Today, 26-year-old Gabi Holzwarth is a professional violinist frequently seen on the arm of her boyfriend Travis Kalanick, Uber’s billionaire CEO. But before her days of dating a tech billionaire, Holzwarth struggled during her teens with family violence, sexual abuse and eating disorders that have manifested into health problems today.
Now, like her boyfriend in the tech sector, the half-Chinese half-Caucasian violinist aims to disrupt the entire culture of mental health disorders and addiction by leading an open conversation — beginning with her own story.
Holzwarth revealed during a 2014 Tedx event her childhood filled with violent fights between her parents and abuse:
“Violent fights between my parents, plates, punches were thrown, tears and screams rang throughout the house. My mom would always take the keys and leave — I never thought she was coming back.
“When I was 10, I was sexually abused by my tennis instructor but I didn’t tell anybody because I was embarrassed.
“When I was 15, the eating disorder got really bad. I took a glass one day and I smashed it into my dad’s head and he punched me in the face. He went to the hospital to get stitches and I walked around with a black eye.”
Holzwarth revealed that during the first 13 years of her life she strongly identified as Asian. Her high school, whose orchestra she was highly involved in, had a student body that was 95% Asian.
Holzwarth’s eating disorder worsened during her transition from junior high to high school. Social pressure to wear makeup, date and hang out with the popular crowd even led her to steal as a teen.
In response to the stress, she developed bulimia and anorexia and was consequently sent to therapy and a clinic. Though she was monitored and put under surveillance, her eating disorder continued. She recalled:
“Soon the bulimia transformed into anorexia. My life became a series of calculations. I had excel spreadsheets and journals of calories ingested, calories burned. I counted gum and diet coke, two calories, one calorie, everything obsessively […] When I was cold and I was shivering, I would met myself shiver in bed because that meant I was burning calories.
“By the time I came back to school junior year I was the walking skeleton in school and people were scared. Now I didn’t finish junior year. I got my GED from home schooling because I was in and out of hospitals and treatment centers. I went to college at UC Davis and I had to leave after two weeks because I was binging in the dining halls.”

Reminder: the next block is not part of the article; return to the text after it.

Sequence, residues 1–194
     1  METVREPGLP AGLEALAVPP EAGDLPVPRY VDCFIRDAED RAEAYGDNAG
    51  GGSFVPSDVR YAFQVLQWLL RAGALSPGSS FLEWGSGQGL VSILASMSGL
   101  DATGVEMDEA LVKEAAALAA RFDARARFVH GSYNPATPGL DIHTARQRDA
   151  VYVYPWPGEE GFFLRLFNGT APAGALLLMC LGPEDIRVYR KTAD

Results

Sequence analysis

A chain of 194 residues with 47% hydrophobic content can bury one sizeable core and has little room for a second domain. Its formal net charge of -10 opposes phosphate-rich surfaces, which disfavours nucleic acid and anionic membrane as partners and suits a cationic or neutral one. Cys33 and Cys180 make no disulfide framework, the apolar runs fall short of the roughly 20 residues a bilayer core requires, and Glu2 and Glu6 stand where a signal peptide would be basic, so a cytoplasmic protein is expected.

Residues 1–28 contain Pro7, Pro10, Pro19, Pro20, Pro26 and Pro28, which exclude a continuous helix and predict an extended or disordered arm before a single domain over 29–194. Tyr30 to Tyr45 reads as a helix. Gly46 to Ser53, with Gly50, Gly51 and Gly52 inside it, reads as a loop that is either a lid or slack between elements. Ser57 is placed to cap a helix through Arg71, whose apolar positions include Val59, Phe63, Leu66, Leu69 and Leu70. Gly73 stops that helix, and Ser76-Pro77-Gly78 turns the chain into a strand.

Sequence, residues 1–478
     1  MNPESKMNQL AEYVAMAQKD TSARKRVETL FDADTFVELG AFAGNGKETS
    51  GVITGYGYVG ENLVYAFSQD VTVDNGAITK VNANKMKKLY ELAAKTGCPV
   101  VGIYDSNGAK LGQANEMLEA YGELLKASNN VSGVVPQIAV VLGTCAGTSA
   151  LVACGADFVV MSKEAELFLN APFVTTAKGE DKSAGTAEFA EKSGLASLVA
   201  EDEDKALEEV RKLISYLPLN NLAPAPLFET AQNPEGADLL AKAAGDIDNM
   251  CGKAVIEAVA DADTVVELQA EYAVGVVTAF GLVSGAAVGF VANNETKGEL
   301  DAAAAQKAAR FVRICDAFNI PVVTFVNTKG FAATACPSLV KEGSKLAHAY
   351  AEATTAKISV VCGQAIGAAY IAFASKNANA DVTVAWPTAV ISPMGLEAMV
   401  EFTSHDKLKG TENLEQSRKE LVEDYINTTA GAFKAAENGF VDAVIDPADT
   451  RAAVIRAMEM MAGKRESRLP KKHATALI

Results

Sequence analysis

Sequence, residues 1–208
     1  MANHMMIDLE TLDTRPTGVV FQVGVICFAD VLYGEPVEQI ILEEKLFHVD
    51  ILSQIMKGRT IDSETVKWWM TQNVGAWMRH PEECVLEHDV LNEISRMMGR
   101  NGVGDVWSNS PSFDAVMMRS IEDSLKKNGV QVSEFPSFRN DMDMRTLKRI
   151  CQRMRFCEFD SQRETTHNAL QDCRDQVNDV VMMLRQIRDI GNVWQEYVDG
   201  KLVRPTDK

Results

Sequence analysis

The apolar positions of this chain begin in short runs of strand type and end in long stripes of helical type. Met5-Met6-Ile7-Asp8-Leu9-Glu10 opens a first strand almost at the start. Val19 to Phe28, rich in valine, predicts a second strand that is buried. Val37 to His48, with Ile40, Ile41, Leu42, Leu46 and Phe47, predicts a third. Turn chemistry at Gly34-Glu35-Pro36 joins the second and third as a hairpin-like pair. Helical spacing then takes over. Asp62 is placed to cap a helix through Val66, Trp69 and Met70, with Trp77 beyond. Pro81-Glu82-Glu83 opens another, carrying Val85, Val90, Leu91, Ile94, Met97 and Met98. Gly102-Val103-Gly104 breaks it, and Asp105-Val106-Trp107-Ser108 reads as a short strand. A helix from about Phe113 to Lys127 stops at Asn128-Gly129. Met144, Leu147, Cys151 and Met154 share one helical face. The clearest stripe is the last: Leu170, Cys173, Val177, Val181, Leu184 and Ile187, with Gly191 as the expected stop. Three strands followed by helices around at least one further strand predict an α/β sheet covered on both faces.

Without many options to turn to, Holzwarth took her violin and began performing on the streets of Palo Alto, Ca.
“I started playing violin in the streets of Palo Alto. I was sick. I put out my box because I didn’t know what to do. I quit my job in sales. I was living at home. I was 21. I didn’t know what I was doing. I put down my box one day and I started to play.”
Holzwarth would perform in front of places with heavy foot traffic. When Apple launched a new iPhone, she would play outside the Palo Alto store for the people waiting in line. During one New Year’s Eve, she made $500 in one hour performing on the street.
In Palo Alto, the heart of Silicon Valley, Holzwarth found herself surrounded by Silicon Valley executives who would invite her to play at parties and other events. When she was hired to play at a party hosted by venture capitalist Shervin Pishevar, she met billionaire Uber CEO Travis Kalanick — they would eventually begin dating.
Holzwarth began sharing her story with others and says that she wouldn’t have made it without Kalanick’s support. She told Business Insider:
“Travis, he’s been so helpful in my recovery. He’s been such a rock. That’s a side that no one really sees about him.
“I told him absolutely everything and that I was 30 pounds underweight […] He checks on me every day. He rushes home — he can be in the middle of ridiculous crazy at the office — and he comes home if I need help.”
In her Tedx talk, Holzwarth explained that despite how happy her life may seem now, looks can be decieving:
“Most people will look at me and they see somebody who is really healthy, happy and vibrant. The truth is that for the past ten years to this year I’ve been struggling with an eating disorder, which has kept me a prisoner.
“The truth is I now have osteoporosis because of it. My organs have been weakened, I have to get blood work quite often and I’m on a lot of medication.”
Holzwarth gave insight into the complex nature of eating disorders. Though many may believe eating disorders result from poor body image, Holzwarth said that isn’t the whole story.
“Eating disorder is an addiction like any other addiction. When you binge and purge or when you don’t eat your serotonin rises and then it plummets […] I go to AA meetings now because it’s an addiction.”
According to Holzwarth, a second important fact about recovering from addiction is that it can’t be done alone. She said that it was Kalanick who helped her overcome a decade-long eating disorder that could’ve killed her.
Today, she continues to perform with her violin at tech events, galas and parties. She is available for booking on her website.